Thunderstorm asthma is thought to be triggered by a unique combination of high grass pollen counts and a certain type of thunderstorm.
For people who have asthma or hay fever this can cause severe asthma symptoms, making it difficult to breath
When a large number of people develop asthma symptoms over a short period of time, this is known as epidemic thunderstorm asthma. These epidemic thunderstorm asthma events don't happen every year but when they do, they can happen during grass pollen season, which is normally from October through December.
A thunderstorm asthma event occurred in Melbourne in November 2016 resulting in a number of fatalities and thousands of people experienced frightening asthma episodes.
Here are some things you can do to prepare for pollen season:
- If you've ever had asthma – talk to your GP about what you can do to help protect yourself from the risk of thunderstorm asthma this pollen season. Remember taking an asthma preventer properly and regularly is key to preventing asthma, including thunderstorm asthma.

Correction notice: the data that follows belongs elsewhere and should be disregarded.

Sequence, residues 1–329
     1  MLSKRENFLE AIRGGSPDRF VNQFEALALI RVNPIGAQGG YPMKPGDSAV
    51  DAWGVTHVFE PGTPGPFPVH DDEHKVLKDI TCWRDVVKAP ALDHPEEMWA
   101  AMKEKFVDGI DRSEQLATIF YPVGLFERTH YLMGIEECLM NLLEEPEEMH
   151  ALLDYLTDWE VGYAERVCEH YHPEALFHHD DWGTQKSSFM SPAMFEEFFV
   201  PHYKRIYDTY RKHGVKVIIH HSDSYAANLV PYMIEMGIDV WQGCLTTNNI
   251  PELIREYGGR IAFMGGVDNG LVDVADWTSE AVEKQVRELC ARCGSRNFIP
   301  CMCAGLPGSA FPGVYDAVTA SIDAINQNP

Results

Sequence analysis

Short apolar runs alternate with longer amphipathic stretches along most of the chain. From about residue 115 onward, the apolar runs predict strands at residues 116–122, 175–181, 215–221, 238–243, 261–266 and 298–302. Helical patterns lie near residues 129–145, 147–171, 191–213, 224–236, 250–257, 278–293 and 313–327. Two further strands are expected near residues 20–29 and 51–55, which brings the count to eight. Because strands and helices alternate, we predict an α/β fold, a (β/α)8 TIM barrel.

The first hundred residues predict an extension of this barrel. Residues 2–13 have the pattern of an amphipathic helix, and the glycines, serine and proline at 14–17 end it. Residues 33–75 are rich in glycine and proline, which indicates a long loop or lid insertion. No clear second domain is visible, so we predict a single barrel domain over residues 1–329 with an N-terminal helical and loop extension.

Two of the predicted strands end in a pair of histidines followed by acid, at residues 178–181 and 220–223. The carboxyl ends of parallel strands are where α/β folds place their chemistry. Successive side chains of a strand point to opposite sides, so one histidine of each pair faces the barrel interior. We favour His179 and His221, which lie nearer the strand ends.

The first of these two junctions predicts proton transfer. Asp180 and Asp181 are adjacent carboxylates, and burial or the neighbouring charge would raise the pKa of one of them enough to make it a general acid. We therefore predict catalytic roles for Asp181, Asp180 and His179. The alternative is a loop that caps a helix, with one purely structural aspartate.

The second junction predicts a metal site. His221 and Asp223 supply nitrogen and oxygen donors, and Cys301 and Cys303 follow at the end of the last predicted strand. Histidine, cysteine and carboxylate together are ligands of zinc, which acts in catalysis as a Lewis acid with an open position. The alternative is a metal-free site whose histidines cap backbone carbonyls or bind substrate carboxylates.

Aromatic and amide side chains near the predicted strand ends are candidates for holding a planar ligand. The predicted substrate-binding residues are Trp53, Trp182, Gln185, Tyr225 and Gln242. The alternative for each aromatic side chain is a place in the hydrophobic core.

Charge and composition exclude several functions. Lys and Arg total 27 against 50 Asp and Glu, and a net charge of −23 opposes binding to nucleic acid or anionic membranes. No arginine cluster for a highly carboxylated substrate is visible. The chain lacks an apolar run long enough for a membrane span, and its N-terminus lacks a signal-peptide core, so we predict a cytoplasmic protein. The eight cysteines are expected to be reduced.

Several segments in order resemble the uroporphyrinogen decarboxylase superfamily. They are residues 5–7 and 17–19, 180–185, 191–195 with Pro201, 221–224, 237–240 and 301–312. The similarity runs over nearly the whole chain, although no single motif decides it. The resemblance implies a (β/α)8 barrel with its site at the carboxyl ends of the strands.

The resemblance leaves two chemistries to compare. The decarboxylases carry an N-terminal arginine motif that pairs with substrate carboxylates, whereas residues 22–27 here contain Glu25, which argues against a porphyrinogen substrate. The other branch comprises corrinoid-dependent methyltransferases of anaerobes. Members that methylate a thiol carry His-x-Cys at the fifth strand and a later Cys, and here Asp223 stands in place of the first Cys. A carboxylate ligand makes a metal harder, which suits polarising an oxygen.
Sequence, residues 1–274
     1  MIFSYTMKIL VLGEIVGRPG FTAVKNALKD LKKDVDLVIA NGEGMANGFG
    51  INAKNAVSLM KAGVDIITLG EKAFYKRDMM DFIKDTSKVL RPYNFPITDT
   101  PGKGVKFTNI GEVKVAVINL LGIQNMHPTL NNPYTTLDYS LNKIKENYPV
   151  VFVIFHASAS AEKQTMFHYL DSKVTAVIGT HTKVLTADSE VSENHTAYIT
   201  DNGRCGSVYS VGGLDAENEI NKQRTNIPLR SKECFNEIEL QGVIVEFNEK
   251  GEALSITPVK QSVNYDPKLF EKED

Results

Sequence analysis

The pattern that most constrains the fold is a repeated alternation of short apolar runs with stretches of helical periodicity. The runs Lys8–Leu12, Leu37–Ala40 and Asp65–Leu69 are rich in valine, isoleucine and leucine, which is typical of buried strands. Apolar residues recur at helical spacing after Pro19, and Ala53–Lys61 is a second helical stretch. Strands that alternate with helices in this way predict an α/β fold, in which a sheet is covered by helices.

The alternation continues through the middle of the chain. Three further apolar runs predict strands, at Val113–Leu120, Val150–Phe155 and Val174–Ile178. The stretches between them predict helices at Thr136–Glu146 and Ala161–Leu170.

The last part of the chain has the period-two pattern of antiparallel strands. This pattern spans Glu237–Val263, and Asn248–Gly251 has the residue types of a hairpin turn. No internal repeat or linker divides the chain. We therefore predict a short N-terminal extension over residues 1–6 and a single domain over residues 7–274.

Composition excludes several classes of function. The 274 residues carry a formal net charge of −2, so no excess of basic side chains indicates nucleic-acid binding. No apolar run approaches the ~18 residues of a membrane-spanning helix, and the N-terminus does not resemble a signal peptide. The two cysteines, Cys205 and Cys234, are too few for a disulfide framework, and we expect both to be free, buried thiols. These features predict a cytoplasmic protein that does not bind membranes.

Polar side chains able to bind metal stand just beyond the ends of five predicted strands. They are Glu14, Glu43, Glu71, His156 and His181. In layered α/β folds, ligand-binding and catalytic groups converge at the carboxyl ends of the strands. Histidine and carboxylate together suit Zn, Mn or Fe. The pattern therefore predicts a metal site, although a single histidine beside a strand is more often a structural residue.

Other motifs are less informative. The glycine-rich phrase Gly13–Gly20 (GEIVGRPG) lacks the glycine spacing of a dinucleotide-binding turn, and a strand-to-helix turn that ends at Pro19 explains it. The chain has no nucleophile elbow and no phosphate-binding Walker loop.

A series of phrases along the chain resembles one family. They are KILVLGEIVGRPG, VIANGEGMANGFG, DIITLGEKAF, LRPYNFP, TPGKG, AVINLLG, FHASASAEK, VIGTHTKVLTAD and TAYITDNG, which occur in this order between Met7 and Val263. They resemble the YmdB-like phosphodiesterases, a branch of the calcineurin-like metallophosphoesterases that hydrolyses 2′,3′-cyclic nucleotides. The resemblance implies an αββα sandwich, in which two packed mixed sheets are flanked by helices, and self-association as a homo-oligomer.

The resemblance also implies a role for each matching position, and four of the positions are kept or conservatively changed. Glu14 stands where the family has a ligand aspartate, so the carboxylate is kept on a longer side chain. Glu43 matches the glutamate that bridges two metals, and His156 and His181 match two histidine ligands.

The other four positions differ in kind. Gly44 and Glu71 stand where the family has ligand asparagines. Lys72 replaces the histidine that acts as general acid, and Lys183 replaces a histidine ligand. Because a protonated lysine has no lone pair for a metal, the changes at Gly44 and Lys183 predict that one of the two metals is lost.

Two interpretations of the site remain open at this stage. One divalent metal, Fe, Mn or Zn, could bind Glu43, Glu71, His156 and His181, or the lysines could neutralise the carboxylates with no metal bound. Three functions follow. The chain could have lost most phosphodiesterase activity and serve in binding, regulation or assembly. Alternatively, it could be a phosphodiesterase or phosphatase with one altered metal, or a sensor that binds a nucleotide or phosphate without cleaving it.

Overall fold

- If you experience wheezing, shortness of breath, chest tightness or continuing coughing then you may have asthma. It’s important you talk to your GP and get it checked out.
- If you have hay fever – see your pharmacist or GP for a hay fever treatment plan and check if you should have an asthma reliever puffer – which is available from a pharmacy without a prescription.
- If you have hay fever, and especially if you experience wheezing and coughing with your hay fever, it is important to make sure you don’t also have asthma. Speak to your GP today about whether or not you might have asthma.
Where possible avoid being outside during thunderstorms from October through December – especially in the wind gusts that come before the storm. Go inside and close your doors and windows. If you have your air conditioning on, turn it onto recirculate.
Find out more about thunderstorm asthma and watch the informative video:
Learn more about thunderstorm asthma
Attend an information session to learn more about thunderstorm asthma at the Monash Family Community Cooperative, 54 Howleys Road Notting Hill on Wednesday, 6 September from 7pm - 8.30pm.
To register: thunderstorm information session